Calvin A. Walker was 24 years old when Great Depression: In a State of the Union message, U.S. President Herbert Hoover proposes a $150 million (equivalent to $2,197,000,000 in 2017) public works program to help generate jobs and stimulate the economy. The Great Depression was a severe worldwide economic depression that took place mostly during the 1930s, beginning in the United States. The timing of the Great Depression varied across nations; in most countries it started in 1929 and lasted until the late-1930s. It was the longest, deepest, and most widespread depression of the 20th century. In the 21st century, the Great Depression is commonly used as an example of how far the world's economy can decline.
Calvin A. Walker was 39 years old when World War II: Nagasaki is devastated when an atomic bomb, Fat Man, is dropped by the United States B-29 Bockscar. Thirty-five thousand people are killed outright, including 23,200-28,200 Japanese war workers, 2,000 Korean forced workers, and 150 Japanese soldiers. Nagasaki is the capital and the largest city of Nagasaki Prefecture on the island of Kyushu in Japan. The city's name, 長崎, means "long cape" in Japanese. Nagasaki became a centre of colonial Portuguese and Dutch influence in the 16th through 19th centuries, and the Hidden Christian Sites in the Nagasaki Region have been recognized and included in the UNESCO World Heritage List. Part of Nagasaki was home to a major Imperial Japanese Navy base during the First Sino-Japanese War and Russo-Japanese War.
Calvin A. Walker was 51 years old when Space Race: Launch of Sputnik 1, the first artificial satellite to orbit the Earth. The Space Race refers to the 20th-century competition between two Cold War rivals, the Soviet Union (USSR) and the United States (US), for dominance in spaceflight capability. It had its origins in the missile-based nuclear arms race between the two nations that occurred following World War II, aided by captured German missile technology and personnel from the Aggregat program. The technological superiority required for such dominance was seen as necessary for national security, and symbolic of ideological superiority. The Space Race spawned pioneering efforts to launch artificial satellites, uncrewed space probes of the Moon, Venus, and Mars, and human spaceflight in low Earth orbit and to the Moon.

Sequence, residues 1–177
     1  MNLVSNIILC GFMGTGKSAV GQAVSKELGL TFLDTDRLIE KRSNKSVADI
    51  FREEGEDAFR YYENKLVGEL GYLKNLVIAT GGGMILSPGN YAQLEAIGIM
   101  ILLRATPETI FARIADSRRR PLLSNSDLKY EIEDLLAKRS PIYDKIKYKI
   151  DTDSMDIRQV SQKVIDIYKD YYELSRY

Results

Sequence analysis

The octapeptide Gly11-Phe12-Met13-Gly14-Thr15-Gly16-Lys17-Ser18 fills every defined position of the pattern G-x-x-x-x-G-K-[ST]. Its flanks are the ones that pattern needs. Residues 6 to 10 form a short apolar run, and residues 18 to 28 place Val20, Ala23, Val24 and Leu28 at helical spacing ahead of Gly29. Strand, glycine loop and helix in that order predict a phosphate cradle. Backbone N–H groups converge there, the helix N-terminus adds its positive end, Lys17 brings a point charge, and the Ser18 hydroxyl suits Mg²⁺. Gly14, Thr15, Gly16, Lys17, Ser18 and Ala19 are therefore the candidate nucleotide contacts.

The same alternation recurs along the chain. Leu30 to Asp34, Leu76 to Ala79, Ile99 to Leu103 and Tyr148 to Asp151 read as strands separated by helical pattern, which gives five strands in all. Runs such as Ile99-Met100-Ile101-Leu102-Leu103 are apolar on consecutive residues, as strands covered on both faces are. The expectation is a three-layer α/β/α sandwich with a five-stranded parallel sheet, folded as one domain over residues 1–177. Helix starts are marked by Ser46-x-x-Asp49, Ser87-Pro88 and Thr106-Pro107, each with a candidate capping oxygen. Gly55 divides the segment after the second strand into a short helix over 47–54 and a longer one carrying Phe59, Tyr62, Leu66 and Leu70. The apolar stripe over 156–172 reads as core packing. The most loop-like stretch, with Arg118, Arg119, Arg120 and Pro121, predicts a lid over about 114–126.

Calvin A. Walker was 59 years old when Thirty-five hundred United States Marines are the first American land combat forces committed during the Vietnam War. The United States Marine Corps (USMC), also referred to as the United States Marines, is a branch of the United States Armed Forces responsible for conducting amphibious operations with the United States Navy. The U.S. Marine Corps is one of the four armed service branches in the U.S. Department of Defense (DoD) and one of the seven uniformed services of the United States.
Calvin A. Walker was 67 years old when Vietnam War: The last United States combat soldiers leave South Vietnam. The Vietnam War, also known as the Second Indochina War, and in Vietnam as the Resistance War Against America or simply the American War, was a conflict that occurred in Vietnam, Laos, and Cambodia from 1 November 1955 to the fall of Saigon on 30 April 1975. It was the second of the Indochina Wars and was officially fought between North Vietnam and the government of South Vietnam. The North Vietnamese army was supported by the Soviet Union, China, and other communist allies; the South Vietnamese army was supported by the United States, South Korea, Australia, Thailand and other anti-communist allies. The war is considered a Cold War-era proxy war by some US perspectives. The majority of Americans believe the war was unjustified. The war would last roughly 19 years and would also form the Laotian Civil War as well as the Cambodian Civil War, which also saw all three countries become communist states in 1975.
Calvin A. Walker died on 18 Apr 1980 at the age of 73
BillionGraves.com
Grave record for Calvin A. Walker (29 Aug 1906 - 18 Apr 1980), BillionGraves Record 27690 Pleasant Grove, Utah, Utah, United States